Aromatherapy is the use of natural essential oils from aromatic plants for therapeutic purposes. It includes simply smelling the oils, but also involves the application of oils to the body in a variety of ways.
What are Essential Oils?
Essential oils are the volatile oils that are produced by aromatic plants. They are the quintessential expression of the plant. Imagine the growing season of the plant; the sunshine, rain, wind, soil and environment all combine to produce the oil in the plant.
How are Essential Oils Produced?
Ideally, aromatic plants are harvested when the essential oil is at its peak concentration in the flower, leaves, root, or peel depending upon where the plant stores its oil. After cleaning and sorting, the aromatic plant material is loaded into a still for the steam distillation process. Water is heated and rises through the plant material, helping to evaporate the essential oils that are carried out with the steam. As the steam condenses, the oil and water naturally separate. Typically, the oil floats and is skimmed off the surface of the water.
What makes the difference in quality?
Medicinal quality essential oils are more than pure. Just because an essential oil is 100% pure doesn't mean it is meant for Aromatherapy. The truth is that purity is a relatively easy standard to meet, but the quality of pure essential oils depends on several factors.
The soil. Plants grow best with an optimum pH balance and the right nutrients in the soil. The optimum soil mix is preferably attained through organic methods, but, commercially, is attained through chemical fertilizing methods.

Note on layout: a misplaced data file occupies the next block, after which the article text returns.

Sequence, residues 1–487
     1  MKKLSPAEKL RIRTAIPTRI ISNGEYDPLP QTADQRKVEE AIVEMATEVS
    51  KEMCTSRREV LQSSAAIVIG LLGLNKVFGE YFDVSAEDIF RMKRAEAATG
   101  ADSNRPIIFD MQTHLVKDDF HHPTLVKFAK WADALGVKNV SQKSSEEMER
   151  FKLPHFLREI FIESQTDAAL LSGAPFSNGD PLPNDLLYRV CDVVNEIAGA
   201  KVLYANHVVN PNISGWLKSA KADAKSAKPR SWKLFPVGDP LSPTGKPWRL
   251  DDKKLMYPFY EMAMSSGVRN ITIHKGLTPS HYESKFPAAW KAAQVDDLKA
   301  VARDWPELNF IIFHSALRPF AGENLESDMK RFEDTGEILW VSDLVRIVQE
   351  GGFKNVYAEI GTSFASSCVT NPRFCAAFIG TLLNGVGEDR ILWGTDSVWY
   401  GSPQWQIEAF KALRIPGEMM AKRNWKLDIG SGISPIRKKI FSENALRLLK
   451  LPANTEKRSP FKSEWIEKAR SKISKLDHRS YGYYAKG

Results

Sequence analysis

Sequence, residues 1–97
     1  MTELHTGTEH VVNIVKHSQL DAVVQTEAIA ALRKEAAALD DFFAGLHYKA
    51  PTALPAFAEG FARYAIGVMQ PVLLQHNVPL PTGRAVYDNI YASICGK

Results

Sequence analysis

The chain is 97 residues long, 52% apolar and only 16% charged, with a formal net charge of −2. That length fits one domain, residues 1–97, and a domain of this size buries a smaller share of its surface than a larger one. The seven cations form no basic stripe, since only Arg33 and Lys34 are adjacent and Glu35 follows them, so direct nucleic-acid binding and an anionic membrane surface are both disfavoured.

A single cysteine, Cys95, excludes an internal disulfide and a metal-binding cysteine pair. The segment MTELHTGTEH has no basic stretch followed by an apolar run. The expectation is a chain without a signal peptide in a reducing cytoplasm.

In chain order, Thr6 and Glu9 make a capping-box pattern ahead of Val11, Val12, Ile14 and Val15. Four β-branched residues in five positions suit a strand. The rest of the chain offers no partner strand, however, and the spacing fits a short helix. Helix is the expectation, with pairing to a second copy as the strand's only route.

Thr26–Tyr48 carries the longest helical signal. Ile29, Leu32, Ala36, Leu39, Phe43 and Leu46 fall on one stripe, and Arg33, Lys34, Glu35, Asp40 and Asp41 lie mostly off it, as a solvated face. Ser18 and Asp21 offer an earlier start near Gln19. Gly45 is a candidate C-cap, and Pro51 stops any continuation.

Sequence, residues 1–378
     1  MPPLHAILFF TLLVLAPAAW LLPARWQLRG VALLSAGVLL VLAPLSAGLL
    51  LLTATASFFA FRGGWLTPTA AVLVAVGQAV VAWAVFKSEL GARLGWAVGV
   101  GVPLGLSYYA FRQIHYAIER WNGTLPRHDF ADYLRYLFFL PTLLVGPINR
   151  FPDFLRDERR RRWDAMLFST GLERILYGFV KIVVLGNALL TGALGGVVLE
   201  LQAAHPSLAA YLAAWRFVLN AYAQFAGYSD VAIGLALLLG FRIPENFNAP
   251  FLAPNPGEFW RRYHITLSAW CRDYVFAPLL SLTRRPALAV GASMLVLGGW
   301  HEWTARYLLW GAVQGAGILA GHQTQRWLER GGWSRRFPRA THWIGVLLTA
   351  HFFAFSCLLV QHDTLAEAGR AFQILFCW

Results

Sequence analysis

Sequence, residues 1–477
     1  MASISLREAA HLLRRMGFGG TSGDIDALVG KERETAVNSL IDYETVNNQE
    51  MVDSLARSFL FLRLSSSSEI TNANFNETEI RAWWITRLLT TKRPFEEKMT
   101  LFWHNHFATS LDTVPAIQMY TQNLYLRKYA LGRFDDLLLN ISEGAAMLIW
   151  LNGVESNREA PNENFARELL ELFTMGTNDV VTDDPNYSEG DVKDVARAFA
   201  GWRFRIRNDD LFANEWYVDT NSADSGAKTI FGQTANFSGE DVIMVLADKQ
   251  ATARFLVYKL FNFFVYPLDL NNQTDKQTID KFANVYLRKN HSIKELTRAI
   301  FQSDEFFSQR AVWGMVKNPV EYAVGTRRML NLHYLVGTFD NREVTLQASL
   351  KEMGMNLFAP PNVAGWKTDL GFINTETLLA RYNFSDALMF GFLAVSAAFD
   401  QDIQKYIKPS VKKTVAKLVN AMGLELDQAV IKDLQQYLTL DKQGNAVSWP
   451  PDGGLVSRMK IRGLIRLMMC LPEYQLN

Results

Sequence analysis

The seed. Seeds are harvested from plants. If a plant has a history of producing excellent, vigorous plants with good yield, those seeds will be preferred. Commercially produced seeds are subjected to chemical fertilizing and pesticides, if not the seeds themselves, the plants that produce them.
The growth. Plants must be protected from weeds, pests and disease. This can be accomplished through chemical pesticides, or through a more intimate understanding, by meeting the needs of each plant to keep its strength against certain diseases. The introduction of friendly insects, or birds, etc. can be used to reduce the population of harmful insects. Weeding may be done by hand to avoid the use of herbicides.
The harvest. Each plant has a peak time for harvest within the season, but is also particular to the time of day. The rose, for optimum yield, must be harvested during the dawn, before the sun rises. As soon as the sun rises, the rose naturally releases its fragrance into the air. The yield resulting from distillation of such roses is significantly reduced. Careful oversight by an experienced grower helps ensure a good harvest.